• Image of Devon Folklore Tapes Vol.IV - Rituals & Practices

Folklore Tapes Archival Reissue Series:

Magpahi / Paper Dollhouse
Devon Folklore Tapes Vol.IV
Rituals & Practices
Twin Ten-Inch Gatefold Edition
Contains 2x 10" Records & 12page Research Booklet & Download Code
Housed in manilla hand stamped & numbered paper sleeve (bag no longer available)
Ltd Edition: 500

‘Hoping to contact our imagined past, we may buy any rural artifact, form a corn dolly to a country cottage or join a Morris dancing team, or revive local customs which died out in the early years of the century, or pay annual visits to similar customs which have lasted into the present.’
- Bob Pegg, ‘Rites and Riots: Folk Customs of Britain and Europe’

In 2014, Folklore Tapes launched their periodic folk tradition series ‘Calendar Customs’, in which the collective trace ancestral roots much further back than 1846, when the term folklore was said to be first coined by W.J Thomas. Certainly, the vestiges of our social and ritual practice are far too numerous to galvanize into one release, so this twin ten-inch can be seen as our embarkation on what promises to be an ever-unfurling foray into the rites and customs of our forbears, some of which continue to flourish to this day.

Paper Dollhouse responds to the general idea and definition of the term ritual, by conducting a ceremony in the rural landscape within a circle of trees and stone. The exploration involves a quiet dialogue to invoke a subconscious tale informed by their research, as well as the elemental use of fire through the burning of an effigy. Using a stone during their performance, the pair channeled an ancient superstition of Shebbear in North Devon, where a huge rock known as the Devil’s Boulder is ritually turned over annually by the villagers, to avoid bringing about calamity. The circular formation is invoked in their use of auditory rounds, intended to make reference to both stone circles and the cyclical energy of the serpent eating its own self.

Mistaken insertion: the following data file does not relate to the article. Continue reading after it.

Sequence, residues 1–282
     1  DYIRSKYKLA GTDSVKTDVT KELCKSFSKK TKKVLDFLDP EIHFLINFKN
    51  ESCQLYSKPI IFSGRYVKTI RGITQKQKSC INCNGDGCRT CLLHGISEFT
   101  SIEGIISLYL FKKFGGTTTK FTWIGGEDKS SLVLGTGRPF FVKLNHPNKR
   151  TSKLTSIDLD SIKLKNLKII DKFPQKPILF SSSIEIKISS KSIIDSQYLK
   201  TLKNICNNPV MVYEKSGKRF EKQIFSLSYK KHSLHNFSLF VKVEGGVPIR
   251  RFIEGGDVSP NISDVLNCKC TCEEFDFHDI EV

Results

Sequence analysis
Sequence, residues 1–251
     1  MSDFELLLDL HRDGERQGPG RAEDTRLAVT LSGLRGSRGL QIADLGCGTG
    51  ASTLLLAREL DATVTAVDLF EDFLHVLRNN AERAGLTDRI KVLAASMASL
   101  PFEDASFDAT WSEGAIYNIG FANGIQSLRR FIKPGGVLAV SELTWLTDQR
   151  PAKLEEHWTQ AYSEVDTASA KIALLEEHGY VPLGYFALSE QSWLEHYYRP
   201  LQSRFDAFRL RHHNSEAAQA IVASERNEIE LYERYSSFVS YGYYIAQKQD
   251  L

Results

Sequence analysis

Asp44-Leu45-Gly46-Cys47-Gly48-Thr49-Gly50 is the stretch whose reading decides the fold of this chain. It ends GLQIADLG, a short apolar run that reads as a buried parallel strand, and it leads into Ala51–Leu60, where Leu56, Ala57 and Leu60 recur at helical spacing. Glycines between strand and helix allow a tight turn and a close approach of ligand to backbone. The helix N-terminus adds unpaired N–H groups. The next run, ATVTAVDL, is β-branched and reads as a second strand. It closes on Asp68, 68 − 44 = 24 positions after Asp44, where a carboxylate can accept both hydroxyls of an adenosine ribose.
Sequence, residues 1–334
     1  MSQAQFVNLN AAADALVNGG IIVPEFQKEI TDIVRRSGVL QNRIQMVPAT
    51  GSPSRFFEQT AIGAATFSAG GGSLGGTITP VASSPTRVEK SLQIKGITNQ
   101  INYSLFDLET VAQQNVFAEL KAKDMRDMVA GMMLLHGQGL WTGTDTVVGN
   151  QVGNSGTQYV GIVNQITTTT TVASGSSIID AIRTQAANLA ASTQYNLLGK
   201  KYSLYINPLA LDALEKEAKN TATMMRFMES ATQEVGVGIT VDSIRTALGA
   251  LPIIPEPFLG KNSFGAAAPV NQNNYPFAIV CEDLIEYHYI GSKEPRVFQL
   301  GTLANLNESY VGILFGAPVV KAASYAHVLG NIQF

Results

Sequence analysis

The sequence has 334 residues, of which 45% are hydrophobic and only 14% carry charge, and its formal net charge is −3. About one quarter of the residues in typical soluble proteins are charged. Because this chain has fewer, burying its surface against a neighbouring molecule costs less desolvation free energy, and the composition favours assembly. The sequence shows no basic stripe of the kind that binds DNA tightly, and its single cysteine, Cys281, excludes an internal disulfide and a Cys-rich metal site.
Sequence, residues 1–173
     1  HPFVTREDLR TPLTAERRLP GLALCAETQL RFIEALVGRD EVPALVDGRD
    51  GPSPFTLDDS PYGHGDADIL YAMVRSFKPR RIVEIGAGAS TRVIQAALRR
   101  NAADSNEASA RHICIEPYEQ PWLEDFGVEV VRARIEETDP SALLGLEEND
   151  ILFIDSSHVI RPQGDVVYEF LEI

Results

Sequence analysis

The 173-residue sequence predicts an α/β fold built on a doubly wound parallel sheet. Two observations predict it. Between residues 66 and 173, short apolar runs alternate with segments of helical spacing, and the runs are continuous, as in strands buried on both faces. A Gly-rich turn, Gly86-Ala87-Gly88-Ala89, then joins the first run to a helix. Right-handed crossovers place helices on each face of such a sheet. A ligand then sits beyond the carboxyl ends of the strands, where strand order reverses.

Magpahi weaves together a rich tapestry encompassing six different forms of ritual from the West Country, largely informed by the work of the late folklorist Theo Brown. Alison presents a sonic vitrine of tales and customs. Among them are the salting down of a corpse at an isolated Dartmoor inn; the plaiting of corn dollies in the field, tied from standing sheaves; the dangers of picking the white flowers of stitchwort (which may result in being spirit-led away by malignant pixie folk); and the work of witches and charmers in Devon, including their use of snakeskin for curses.

Rituals and Practices was originally released on cassette in Autumn, 2012 and features a grimoire of sonic spells exploring symbolic customs and activities from the county of Devon. The original recordings have been remastered from tape for this fourth archival reissue. Both researchers have written new notes, which accompany new archival imagery and photographs bound inside a 12-page booklet. These elements are all housed within a sleeve of new artwork designed by David Chatton Barker.

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